New Delhi: Actor-director Ben Affleck says he was worried about missing important things while adapting the true story of the dramatic escape of six US diplomats from Tehran during the 1979 Iran hostage crisis in 'Argo'. A CIA man Tony Mendez, played by Affleck in the film, teamed up with a Hollywood make-up man and a producer to rescue the six diplomats hiding in the Canadian embassy by
posing as the film crew of a sci-fi film 'Argo'.
Affleck's third outing as a director, the film is already generating Oscar buzz. 'Argo' was released in India last week by Warners Bros. "I definitely had the sense that I had a very strong ethical obligation to tell the story truthfully, because, among other reasons, it has resonance to things that are going on today. We made sure to stay true to the spine and the heart of the story," Affleck told PTI in an email interview.
The director, who was sent the script of 'Argo' by his friend and co-producer George Clooney, said that the only problem while directing the film was that the story had too many details.
"The fact that six Americans were in the American embassy when it was taken over, escaped, hid out with the Canadians, and were rescued by an operative of the CIA who conspired with his Oscar-winning make-up artist friend to disguise them as a movie crew is absolutely true."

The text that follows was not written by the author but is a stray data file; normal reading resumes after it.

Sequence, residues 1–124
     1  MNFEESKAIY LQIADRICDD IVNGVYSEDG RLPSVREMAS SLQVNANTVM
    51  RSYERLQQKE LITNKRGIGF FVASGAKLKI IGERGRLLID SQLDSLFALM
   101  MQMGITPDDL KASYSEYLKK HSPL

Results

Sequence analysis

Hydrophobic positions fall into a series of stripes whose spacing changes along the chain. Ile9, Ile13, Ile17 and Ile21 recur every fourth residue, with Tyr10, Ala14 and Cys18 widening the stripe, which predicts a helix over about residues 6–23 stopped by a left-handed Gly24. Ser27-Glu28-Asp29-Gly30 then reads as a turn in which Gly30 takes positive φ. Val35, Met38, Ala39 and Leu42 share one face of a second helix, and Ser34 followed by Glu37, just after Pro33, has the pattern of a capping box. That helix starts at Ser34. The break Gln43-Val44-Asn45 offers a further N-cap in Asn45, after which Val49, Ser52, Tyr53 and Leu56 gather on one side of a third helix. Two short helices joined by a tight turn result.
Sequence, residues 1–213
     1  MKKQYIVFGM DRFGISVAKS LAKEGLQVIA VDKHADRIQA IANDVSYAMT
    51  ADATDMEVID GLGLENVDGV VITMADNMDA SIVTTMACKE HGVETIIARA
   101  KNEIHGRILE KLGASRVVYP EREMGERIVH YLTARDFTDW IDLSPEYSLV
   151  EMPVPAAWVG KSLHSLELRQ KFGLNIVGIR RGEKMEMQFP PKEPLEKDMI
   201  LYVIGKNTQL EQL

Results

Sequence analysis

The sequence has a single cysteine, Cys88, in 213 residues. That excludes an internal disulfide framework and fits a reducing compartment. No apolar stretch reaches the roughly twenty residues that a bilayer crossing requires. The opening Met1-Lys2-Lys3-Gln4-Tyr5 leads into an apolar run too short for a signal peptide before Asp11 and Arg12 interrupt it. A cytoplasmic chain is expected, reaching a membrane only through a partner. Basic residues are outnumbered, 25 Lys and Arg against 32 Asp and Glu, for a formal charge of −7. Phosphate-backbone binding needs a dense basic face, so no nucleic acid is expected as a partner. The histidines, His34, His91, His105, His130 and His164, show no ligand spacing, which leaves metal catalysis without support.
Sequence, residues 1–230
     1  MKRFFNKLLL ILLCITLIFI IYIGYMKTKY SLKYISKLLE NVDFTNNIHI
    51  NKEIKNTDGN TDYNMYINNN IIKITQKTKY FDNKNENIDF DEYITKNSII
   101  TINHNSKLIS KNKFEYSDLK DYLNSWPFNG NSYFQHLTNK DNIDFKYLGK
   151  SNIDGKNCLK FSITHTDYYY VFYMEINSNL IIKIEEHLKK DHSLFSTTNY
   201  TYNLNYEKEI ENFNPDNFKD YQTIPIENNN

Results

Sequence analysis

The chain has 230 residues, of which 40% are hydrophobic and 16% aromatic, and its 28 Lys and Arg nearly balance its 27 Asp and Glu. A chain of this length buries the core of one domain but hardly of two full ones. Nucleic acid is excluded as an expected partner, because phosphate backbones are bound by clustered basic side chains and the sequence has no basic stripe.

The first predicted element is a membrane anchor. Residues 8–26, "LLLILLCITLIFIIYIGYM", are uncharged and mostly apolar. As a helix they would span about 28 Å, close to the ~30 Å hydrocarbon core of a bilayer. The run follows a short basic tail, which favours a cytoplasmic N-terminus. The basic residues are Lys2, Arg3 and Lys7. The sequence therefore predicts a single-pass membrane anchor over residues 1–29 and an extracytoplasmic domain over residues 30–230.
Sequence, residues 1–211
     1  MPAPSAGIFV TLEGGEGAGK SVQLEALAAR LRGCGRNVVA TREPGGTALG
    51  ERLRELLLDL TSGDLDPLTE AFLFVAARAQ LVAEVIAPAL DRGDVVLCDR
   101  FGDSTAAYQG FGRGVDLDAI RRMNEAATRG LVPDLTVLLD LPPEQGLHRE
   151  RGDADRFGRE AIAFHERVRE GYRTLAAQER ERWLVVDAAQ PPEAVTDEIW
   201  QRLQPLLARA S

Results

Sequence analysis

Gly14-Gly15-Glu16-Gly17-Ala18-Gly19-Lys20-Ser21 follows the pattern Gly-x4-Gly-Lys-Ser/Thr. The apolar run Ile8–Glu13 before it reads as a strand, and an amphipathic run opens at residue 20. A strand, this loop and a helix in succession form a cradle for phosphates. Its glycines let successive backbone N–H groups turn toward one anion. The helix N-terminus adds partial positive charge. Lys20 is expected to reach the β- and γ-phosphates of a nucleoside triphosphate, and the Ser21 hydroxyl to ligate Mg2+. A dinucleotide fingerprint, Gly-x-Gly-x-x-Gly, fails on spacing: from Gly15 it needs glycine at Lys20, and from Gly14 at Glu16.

"The problem is that you have a story with so much detail in it so stuff get compressed. The thing that bothered me was the sin of omission. When you have to take stuff out for the sake of moving it along, you lose a little bit."
"It's kind of a 'Rashomon' effect: You talk to one person and they give you their version of events from their perspective. Ultimately, we had to be rooted in Tony's perspective," Affleck said.
The actor-director, who celebrated his 40th birthday recently, says another challenging thing was to get the extras to shoot the riot scene in Turkey.
"Grant (Heslov, producer), me, and our line producer had a long lead-up, trying to get thousands of people in Turkey to show up and there was a lot of anxiety about whether they would."
"It was harder to get younger people. It was a student revolution, so you didn't want it to look like a riot at the senior center. We tried to make it as real as possible, and it required a lot of people and a lot of wrangling. When you have
2,000 people, if they're cold, they just go home."
Affleck, who says he is equally at home as an actor and director, is facing the camera in his next outing. "My next release as an actor will be 'To The Wonder'
which is a romantic drama opposite Rachel McAdams and I am really looking forward to it release."